Interview with AsiaLife Magazine


January 08, 2018

As one of the country’s first bloggers and digital pioneers, self-made Kounila Keo, 29, has secured a string of successes under her belt. Editor Marissa Carruthers talks to her about starting as a stringer for international media, being crowned one of Forbes Under 30s 2017, launching a company and her passion for all things digital. Photography by Lim Sokchanlina.

How did your career start?

I started a four-year degree at the Department of Media and Communication at the Royal University of Phnom Penh in 2006. In my sophomore year, I became a freelancer for AFP [Agence France-Presse]. I then started work for the Phnom Penh Post as a freelance feature writer, and it picked up from there. I started doing bits for foreign media, such as the LA TimesChristian Science Monitor and the Independent because I wanted to have more experience with journalism. In 2011, BBC Media Action contacted me because they wanted someone to spearhead their digital campaign, Loy9, which was an amazing opportunity.

Tell us more about Loy9.

It was probably one of most successful mass media campaigns for youth in Cambodia. It was funded by United Nations Development Programme to encourage young people to engage in public life. Loy9 was the BBC’s first pilot project that incorporated digital components, such as YouTube and Facebook. I was asked to join after they saw me give a TEDx talk and became the project’s digital manager. At the time, there were less than two million users on Facebook in Cambodia so I set up all the platforms and contacted organisations. It was a great experience.

You are a leader in Cambodia’s digital space. How did that happen?

I don’t know if I can call myself an early adaptor to technology but during my first year at university, not many of my classmates used Facebook. It was 2007, and everyone was like, “What’s Facebook?”, “What’s a blog?” I started blogging in 2007 and one of my professors asked me to teach my classmates these tools. I also enjoyed reading IT magazines, even if I couldn’t afford to buy them. I’d stand at the news stalls on the way to school and flick through the pages. I didn’t have a computer or internet on my phone. I could only afford to buy a standard phone in my second year so AFP could contact me. Technology was really expensive then.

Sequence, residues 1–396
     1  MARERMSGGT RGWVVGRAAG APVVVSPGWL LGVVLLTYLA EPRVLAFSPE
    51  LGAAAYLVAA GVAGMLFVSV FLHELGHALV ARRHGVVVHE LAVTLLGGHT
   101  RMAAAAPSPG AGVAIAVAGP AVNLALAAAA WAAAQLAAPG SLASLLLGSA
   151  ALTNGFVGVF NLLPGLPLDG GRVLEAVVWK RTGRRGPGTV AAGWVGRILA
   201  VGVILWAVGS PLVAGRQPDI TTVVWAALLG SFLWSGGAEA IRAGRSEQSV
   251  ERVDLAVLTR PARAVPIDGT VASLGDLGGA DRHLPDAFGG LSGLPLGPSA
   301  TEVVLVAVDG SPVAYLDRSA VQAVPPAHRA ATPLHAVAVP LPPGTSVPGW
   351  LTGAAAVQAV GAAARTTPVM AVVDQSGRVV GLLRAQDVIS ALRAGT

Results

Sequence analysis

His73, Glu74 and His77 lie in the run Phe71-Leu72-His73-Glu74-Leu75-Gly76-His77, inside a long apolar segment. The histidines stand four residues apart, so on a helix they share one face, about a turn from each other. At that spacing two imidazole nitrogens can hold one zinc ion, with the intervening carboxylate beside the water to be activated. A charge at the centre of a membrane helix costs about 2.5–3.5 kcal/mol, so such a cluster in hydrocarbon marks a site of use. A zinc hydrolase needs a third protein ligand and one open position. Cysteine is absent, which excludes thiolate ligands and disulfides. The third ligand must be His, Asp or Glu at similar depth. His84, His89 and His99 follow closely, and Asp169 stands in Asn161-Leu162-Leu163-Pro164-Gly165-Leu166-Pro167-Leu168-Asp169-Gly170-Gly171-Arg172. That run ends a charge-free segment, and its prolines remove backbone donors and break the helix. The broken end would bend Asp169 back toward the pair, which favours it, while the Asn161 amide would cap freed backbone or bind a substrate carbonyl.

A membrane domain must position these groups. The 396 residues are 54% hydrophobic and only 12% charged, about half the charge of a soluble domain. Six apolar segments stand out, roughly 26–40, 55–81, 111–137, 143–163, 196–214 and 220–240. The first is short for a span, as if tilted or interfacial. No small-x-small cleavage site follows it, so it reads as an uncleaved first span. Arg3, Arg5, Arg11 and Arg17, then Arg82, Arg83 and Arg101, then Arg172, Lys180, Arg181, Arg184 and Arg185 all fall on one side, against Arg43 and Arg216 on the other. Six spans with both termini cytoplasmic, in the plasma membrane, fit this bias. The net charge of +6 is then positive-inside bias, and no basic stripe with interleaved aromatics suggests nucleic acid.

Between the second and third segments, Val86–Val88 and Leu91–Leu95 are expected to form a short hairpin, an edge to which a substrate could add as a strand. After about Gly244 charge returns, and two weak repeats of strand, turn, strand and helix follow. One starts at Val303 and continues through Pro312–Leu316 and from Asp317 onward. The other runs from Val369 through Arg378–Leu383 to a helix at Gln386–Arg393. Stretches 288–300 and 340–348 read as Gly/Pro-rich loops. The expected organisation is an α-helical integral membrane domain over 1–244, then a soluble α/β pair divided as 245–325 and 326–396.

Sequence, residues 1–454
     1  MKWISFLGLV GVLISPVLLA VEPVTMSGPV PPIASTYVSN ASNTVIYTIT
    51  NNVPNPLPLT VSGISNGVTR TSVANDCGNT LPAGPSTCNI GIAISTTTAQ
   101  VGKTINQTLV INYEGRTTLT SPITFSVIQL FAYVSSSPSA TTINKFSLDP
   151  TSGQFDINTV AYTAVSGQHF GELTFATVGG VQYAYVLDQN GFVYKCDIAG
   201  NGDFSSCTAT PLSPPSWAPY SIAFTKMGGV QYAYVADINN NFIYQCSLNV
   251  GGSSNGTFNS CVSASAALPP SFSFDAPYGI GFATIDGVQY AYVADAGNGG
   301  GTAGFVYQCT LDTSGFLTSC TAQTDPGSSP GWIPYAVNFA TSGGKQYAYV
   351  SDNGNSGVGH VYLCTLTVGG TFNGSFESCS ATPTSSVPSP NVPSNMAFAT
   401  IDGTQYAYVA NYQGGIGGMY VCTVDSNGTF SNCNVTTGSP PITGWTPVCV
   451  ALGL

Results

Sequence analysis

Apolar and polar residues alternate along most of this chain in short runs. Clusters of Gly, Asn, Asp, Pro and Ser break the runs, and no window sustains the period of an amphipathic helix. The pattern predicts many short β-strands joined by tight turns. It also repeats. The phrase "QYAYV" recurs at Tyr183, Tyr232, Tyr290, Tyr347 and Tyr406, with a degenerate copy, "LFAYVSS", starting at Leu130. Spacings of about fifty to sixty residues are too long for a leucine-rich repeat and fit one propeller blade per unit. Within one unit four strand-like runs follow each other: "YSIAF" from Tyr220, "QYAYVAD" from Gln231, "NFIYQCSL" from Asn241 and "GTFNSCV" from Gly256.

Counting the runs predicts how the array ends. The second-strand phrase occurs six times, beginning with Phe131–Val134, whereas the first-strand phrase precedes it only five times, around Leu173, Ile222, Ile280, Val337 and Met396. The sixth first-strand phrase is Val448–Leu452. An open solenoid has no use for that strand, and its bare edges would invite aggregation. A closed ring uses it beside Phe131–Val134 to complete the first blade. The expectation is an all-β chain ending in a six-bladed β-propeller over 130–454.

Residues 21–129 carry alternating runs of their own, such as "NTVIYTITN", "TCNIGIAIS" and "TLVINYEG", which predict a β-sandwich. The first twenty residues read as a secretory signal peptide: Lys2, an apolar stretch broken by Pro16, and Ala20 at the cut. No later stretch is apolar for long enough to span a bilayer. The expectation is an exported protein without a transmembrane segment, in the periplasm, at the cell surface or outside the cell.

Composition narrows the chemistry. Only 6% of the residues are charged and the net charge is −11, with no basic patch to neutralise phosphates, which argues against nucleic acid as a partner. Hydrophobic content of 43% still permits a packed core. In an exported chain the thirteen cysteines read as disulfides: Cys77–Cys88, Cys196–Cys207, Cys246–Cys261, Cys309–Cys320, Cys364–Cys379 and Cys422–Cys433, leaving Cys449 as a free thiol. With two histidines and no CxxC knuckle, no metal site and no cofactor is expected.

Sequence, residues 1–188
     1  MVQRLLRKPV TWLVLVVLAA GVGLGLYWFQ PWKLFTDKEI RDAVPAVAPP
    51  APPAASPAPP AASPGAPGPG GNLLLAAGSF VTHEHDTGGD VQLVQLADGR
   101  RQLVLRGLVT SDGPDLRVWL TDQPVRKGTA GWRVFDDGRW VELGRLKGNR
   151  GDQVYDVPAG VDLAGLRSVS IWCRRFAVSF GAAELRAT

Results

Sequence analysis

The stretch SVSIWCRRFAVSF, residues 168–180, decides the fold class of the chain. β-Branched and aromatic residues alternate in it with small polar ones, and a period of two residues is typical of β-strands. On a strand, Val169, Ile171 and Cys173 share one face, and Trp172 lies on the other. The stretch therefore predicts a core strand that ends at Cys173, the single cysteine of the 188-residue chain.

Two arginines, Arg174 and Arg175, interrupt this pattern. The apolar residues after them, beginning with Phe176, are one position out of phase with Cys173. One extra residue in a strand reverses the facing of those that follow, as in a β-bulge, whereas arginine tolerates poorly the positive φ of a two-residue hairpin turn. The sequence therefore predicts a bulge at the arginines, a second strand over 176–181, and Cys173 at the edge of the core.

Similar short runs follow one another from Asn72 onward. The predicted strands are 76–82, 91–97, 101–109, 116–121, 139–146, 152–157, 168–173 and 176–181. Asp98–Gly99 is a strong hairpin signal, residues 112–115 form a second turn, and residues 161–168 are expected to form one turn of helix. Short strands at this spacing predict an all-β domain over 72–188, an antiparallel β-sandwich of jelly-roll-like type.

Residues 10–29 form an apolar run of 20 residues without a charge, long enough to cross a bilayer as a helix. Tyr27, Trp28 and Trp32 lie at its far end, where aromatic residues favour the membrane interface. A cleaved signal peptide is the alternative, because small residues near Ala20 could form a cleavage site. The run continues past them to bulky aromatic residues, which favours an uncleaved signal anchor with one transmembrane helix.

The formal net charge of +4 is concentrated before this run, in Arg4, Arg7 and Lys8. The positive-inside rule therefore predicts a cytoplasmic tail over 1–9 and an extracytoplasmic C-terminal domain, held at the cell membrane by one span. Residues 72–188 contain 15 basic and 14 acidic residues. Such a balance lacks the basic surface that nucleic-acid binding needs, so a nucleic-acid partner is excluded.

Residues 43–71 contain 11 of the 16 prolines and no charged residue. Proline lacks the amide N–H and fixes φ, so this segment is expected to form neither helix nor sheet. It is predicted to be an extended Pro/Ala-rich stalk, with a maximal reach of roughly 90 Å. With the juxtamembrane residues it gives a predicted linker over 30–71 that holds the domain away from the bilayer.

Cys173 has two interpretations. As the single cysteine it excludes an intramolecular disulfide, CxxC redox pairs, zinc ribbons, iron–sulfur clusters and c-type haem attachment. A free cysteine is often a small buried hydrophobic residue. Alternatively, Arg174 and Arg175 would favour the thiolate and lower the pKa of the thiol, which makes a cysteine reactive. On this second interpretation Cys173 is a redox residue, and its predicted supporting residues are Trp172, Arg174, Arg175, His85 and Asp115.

What got you hooked?

I wasn’t educated in English in high school so I picked up the language here and there, watching bootleg American movies from the Russian Market. Back then it was expensive to get books so I saved a few dollars a week to buy English books. In 2003, I learned to use the internet and learned so much through English chatrooms. This got me interested because it enabled me to connect with a lot of people. I also enjoy writing, even if my English then wasn’t great so started the blog. I really pushed myself, especially when I started working for AFP. It was hard. Maybe the younger generation behind me have more opportunity; there are more schools and fees are more affordable. Back then it was so expensive but it taught me to be resilient and appreciate things.

You recently launched your own company. How did that happen?